Robert Altman's M*A*S*H
The man behind the camera
Robert Altman is the master of fictional realism, his documentary like approach to shooting creates an immersion unlike any other. Altman made his trademark roving camera style ubiquitous to his career, his earliest exercise of it was in his breakthrough film M*A*S*H, this is where verisimilitude comes into play, the improvisation from naturalistic actors and realistic sound managed to create some of the most immersive and characteristic movies ever to hit New Hollywood.
Don't show the war
Seeing is believing, but seeing the unseen is to believe what you didn't know you could. Robert Altman seems to show anything but the war, in the anti-war comedy M*A*S*H, which approaches the subject in a unique and unbeaten method that actually antagonises the war more than any Omaha Beach Scene (Saving Private Ryan, 1998) could.
It's obvious to say that the longer the shot the more realistic and immersive it appears, but to what effect does Altman use this? Observe Paul Thomas Anderson, his copycat, where he uses long takes for that heightened artistic, dramatic effect, Altman (while it naturally remains dramatic) uses it to display an uncompromised truth, the ugliness of war and the aftermath of what could have been an 'Omaha' scene. This use of long takes creates a much more poigniant statement about the ugliness of war than any battlefront scene.
Here comes the psychoanalysis
It's easy to say that the unique and interesting characters bring interest, depth and "character", but what is actually interesting is the way in which they interact with one another and how it's all relative to the situation. This is where the dark satire comedy comes into play because this is the mask for every character.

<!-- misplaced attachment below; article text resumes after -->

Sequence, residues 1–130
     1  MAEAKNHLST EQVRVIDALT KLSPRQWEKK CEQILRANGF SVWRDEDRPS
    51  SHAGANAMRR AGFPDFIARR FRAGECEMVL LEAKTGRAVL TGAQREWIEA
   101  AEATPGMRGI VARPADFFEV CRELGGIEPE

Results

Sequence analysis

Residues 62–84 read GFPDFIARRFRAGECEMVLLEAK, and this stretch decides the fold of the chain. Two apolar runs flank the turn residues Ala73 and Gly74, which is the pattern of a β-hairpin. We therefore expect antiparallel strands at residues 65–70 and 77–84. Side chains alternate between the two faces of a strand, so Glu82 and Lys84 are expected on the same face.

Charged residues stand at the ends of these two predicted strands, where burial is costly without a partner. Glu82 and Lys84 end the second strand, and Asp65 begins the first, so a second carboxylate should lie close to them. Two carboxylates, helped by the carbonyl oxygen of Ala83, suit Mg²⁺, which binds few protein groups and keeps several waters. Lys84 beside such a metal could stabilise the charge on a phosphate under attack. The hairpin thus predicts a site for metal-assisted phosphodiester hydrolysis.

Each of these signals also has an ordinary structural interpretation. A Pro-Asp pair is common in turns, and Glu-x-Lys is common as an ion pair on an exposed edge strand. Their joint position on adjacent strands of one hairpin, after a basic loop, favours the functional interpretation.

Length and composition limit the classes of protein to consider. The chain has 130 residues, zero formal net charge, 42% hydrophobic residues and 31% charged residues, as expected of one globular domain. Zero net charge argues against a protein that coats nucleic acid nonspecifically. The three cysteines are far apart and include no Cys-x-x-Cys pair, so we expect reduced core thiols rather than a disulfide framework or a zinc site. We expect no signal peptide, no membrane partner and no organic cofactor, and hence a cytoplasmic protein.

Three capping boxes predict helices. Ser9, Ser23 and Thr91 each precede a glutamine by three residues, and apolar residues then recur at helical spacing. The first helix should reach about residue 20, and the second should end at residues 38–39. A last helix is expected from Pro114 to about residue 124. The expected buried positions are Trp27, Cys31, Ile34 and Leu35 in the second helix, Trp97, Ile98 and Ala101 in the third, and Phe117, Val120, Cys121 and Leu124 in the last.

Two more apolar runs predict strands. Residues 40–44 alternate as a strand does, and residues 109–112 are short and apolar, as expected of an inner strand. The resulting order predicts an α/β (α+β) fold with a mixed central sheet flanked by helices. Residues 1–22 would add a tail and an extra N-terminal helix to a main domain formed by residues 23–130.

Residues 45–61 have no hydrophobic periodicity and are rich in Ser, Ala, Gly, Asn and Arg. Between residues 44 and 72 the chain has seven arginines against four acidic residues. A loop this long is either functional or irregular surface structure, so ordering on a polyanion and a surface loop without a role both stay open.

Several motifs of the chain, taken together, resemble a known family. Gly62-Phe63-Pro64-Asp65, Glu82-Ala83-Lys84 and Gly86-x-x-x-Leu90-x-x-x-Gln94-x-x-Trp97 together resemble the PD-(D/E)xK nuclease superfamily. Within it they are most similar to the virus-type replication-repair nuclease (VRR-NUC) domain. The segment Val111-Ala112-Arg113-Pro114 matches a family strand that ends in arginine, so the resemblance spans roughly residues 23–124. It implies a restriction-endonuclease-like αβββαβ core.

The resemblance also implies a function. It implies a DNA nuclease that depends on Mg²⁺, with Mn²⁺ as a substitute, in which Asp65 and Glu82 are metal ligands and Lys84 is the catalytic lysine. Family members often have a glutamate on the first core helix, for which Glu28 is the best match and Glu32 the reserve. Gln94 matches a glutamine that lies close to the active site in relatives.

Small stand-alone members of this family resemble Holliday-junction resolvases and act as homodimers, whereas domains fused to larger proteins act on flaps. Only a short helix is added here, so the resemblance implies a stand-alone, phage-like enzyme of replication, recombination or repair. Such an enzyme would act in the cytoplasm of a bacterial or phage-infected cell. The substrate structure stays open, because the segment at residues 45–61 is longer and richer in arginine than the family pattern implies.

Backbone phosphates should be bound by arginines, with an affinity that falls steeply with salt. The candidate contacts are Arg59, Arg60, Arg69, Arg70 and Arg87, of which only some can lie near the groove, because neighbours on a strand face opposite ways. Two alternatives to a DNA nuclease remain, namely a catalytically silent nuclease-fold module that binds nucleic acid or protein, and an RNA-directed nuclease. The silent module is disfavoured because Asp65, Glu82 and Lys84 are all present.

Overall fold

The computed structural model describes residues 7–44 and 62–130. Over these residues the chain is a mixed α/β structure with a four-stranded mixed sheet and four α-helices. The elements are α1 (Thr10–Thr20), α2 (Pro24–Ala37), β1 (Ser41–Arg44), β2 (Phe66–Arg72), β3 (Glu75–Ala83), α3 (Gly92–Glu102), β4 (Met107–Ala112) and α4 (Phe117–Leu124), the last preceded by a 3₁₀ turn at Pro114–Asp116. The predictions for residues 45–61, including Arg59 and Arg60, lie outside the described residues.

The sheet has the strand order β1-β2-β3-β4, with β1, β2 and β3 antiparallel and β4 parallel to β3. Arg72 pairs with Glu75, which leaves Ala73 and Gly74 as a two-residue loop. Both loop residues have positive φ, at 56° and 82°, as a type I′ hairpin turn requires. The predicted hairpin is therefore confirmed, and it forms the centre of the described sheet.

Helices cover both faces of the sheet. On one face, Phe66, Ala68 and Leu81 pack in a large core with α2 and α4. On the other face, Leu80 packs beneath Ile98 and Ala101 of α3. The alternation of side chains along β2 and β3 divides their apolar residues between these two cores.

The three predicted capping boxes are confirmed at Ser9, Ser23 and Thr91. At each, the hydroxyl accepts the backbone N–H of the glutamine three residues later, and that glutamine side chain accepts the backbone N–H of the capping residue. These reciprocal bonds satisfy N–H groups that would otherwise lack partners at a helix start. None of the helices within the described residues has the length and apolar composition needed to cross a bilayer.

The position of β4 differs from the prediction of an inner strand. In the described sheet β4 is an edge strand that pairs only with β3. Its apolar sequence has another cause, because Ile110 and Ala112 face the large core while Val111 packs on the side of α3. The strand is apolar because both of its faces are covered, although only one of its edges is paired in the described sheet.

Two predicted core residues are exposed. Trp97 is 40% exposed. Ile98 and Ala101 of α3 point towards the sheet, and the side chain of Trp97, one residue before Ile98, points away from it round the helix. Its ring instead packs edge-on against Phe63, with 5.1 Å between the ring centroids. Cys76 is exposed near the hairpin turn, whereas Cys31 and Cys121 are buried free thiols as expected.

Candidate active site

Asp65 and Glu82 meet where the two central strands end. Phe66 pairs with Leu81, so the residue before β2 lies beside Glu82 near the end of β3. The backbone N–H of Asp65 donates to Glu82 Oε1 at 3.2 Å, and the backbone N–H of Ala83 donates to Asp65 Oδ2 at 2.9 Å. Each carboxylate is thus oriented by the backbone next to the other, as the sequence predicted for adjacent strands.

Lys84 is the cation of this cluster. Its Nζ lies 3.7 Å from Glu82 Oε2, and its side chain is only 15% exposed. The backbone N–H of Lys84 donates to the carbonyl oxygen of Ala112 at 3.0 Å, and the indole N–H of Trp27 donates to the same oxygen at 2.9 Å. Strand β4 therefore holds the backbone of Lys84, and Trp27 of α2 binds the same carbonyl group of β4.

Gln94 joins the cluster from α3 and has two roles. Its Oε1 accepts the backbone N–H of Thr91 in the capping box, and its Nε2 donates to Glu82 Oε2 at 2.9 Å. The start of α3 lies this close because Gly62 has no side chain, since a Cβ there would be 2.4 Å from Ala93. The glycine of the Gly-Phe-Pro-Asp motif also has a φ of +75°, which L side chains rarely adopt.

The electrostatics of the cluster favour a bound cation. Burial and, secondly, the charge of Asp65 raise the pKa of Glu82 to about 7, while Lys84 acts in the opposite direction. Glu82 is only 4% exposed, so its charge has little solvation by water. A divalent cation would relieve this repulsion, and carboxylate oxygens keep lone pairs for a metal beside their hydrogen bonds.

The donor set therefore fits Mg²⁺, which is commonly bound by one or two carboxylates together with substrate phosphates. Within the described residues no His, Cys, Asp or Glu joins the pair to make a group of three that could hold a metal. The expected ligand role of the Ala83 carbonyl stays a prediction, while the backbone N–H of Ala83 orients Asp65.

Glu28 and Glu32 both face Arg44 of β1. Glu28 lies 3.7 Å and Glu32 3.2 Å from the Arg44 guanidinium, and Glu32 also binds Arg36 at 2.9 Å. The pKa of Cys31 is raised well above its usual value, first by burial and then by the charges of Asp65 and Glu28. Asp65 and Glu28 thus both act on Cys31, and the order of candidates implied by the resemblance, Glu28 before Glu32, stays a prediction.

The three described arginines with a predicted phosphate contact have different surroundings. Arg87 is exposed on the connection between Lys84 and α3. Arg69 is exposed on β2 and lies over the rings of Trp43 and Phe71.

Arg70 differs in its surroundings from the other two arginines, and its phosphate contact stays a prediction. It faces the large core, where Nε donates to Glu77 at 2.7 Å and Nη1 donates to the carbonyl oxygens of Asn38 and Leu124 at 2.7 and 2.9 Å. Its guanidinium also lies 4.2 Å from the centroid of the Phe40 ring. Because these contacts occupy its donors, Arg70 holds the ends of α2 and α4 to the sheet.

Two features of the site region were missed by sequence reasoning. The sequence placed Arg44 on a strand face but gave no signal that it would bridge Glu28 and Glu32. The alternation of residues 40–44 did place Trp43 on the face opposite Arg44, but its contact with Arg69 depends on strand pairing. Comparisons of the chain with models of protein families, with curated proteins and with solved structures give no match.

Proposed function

"The only weapon we have is comedy" ~ Robin Williams
Robin Williams said it best, and these characters do it best. The best thing about this comedy is that not only is it funny to watch it's also incredibly telling. The viscious way each character attacks and preys on one another out of some kind of self preservation and safety in numbers tactic that the team use to cope with the stress of war. As the film progresses Hot-Lips grows as a member of the team, as she learns to deal with the way the team works, she becomes integrated. Every character has their own double standards and are often hypocritical, even the very religious Frank Burns goes against his moral code with Hot-Lips, this is understandable in the war, people have to be able to cope. Through all the roasting they get because of this hypocrisy, it's soon realised that the team themselves aren't perfect, but as Hot-Lips learns this and grows accustom to the situation at hand, she copes much better when part of the team after understanding is achieved.
Eveyone has to cope in a war, and considering comedy is deemed as one of the best coping mechanisms, it becomes understandable why every character hides behind this mask. The joking around and make fun at the expense of others, when boiled down to it's real meaning, is just another way to survive the war. Hot-Lips learns this best.
Football is war, no it isn't